From Russia With Love: Cancer Survivor Returns to Aid Hometown
Kakata, Margibi County – Christiana Hena can still remember the moment she knew she wanted to become a doctor.
“I didn’t want to go to another country. Kakata was very much on my mind. I wanted to return and help my people. After prayerful consideration of my options, I decided to leave the Board of Global Ministries, Kazakhstan, all of my friends in Kazakhstan, my excellent health insurance with the Board of Global Ministries, comfort of having 24 hours of electricity in my home and moved to Liberia. I didn’t have the resources to begin anything, but I had the passion, a resourceful mind and a heart to serve my people”- Christiana Koisey Hena
“It started when I was in the second grade – and lost my classmate, Helen Faulkner. We used to study together and walk home from school together and one Friday morning I got to class and the teacher told us that my friend had died – we later learned it was from malaria. “It was then I decided that I wanted to be a doctor.”
An Uneasy Early Life
Christiana says her friend’s death haunted her for years, knowing that she died of something preventable is a sad reality she has had to live with but one she says has inspired her to become a doctor.
“It haunted me for a long time; I kept hearing it in my ear – go back to your homeland and give back. Liberia is my home; that’s where I was born and raise; this is where I belong”.
Christiana, who spent most of her adult life in Russia never, had it easy, complicated by a rugged upbringing.
A native of Margibi County, Christiana recalls that she was still in Bolahun, when she told her father, following the death of her friend that she wanted to become a doctor.
Her dad, Dominic Hena, she recalls had a friend who worked at the Maternity Hospital in Monrovia and spoke to the friend to mentor her along.
Upon arrival in Monrovia and at the hospital, Christiana recalls, the friend, instead give a mop and a bucket and told her to be a janitor.
“I shined those floors and did what I was asked. I was very humble and was proud in what I was doing until one day, a gynaecologist, Dr. Patricia Divine Jackson ran into me and my life changed after that.”
Patricia took Christiana under her wings, took her through surgery rounds, X-Rays and other medical procedures and pretty much showed her the ropes of the medical profession.
“When she saw me mopping those floors, she asked me what I was doing there and I said I wanted to be a doctor and she said, ‘If you want to be a doctor; this is not where you belong’.
“She exposed me to expose me to the beautiful world of medicine – that changed my life again. I was mentored by her from the 9th grade through 12th. Every vacation I looked forward to going to Monrovia and to working with Dr. Divine.
Not only did Dr. Divine introduce me to the beautiful world of medicine, but she also introduced me to faith in Jesus Christ. Her life was different from all the other physicians that I met at the Maternity Center.”
But despite her in roads, Christiana was limited by societal imbalance of disadvantages.
“After high school – my father could only afford to pay for the University of Liberia even though she was the Salutatorian; I wanted to go to Cuttington.”
A Gesture from Tolbert
Christiana was not about to let her lack of resources hold her back so in 1978, she embarked on a project, many at the time felt was too ambitious for a young girl. She asked a friend to type a letter requesting a scholarship to attend the Cuttington University College in Suacoco, Bong County, from President William R. Tolbert.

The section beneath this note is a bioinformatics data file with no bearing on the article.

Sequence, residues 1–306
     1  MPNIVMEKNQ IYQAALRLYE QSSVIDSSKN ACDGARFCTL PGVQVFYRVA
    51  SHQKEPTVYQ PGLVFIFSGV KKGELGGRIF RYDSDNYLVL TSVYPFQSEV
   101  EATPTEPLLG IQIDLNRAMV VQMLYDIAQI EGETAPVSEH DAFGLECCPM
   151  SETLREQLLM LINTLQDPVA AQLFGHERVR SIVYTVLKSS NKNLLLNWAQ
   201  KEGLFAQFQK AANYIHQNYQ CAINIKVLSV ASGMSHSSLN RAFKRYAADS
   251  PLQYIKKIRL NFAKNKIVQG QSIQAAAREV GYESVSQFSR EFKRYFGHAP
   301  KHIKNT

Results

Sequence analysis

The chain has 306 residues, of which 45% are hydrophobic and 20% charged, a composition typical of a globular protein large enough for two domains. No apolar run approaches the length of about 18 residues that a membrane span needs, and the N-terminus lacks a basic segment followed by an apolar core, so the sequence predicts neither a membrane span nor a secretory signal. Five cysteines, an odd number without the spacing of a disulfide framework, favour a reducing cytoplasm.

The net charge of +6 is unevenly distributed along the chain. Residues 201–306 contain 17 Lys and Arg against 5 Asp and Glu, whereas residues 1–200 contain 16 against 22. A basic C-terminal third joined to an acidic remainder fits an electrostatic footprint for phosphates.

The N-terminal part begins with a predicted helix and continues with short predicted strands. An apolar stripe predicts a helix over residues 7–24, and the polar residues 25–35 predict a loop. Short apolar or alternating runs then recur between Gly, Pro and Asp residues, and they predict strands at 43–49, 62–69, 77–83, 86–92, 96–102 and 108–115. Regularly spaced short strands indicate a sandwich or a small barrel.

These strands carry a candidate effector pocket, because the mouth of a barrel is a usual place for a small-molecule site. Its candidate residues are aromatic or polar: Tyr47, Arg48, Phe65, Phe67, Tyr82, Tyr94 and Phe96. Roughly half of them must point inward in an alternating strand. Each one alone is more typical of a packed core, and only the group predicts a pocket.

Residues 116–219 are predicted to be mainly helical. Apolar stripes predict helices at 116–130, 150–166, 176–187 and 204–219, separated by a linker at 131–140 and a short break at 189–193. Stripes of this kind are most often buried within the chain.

She submitted the letter and showed up to at the mansion every day; hoping to see the President until one day, a guard by the name of General Sackie asked her: ‘I see you here every day, what it is you want?’ “What is it you want?”
Christiana says when she told the guard that she was trying to get an audience with the President. He promised to help her and told her to come back the next day.
“Finally, General Sackie took me to see the President. “President Tolbert took my hands and held it and said, ‘you have good hands to be a surgeon’.
Russia Comes Calling
Christiana says the President at that moment ordered that she be given a full scholarship, tuition paid, books and US$50 a month, a lot of benefit for a struggling girl those days.
Christiana says she worked hard to maintain at least a B average in order to stay on the scholarship but her dreams came crashing on April 12, 1980 when a band of low-rank army officers led by Samuel Kanyon Doe, seized power and killed Tolbert in a coup d’état. “My dreams went down the drain that day”, she says.
Not long after the coup, Christiana says she heard that the government had scholarships lined up for young Liberians to travel to Russia and so she took advantage of it and applied.
“I applied and forgot about it. So I’m walking down Waterside one morning and a friend comes calling, ‘haven’t you heard?’
“I didn’t hear it and didn’t have a radio but I had made the cut of students picked to go to Russia to study medicine. Her dad, now 94, gave her US$20 bucks to process her passport and she was off to Moscow.
I successfully completed my studies in 1987. I am a GP and also hold a Master of Public Health Degree from Emory University in Atlanta, Georgia.
Hit by Breast Cancer
But several months after the completion of medical school – came the next chapter of her life.
“I was faced with a deadly disease- breast cancer. At such a young age of 27-years-old, I was devastated, but knew I had to fight and not just sit down and wait to die.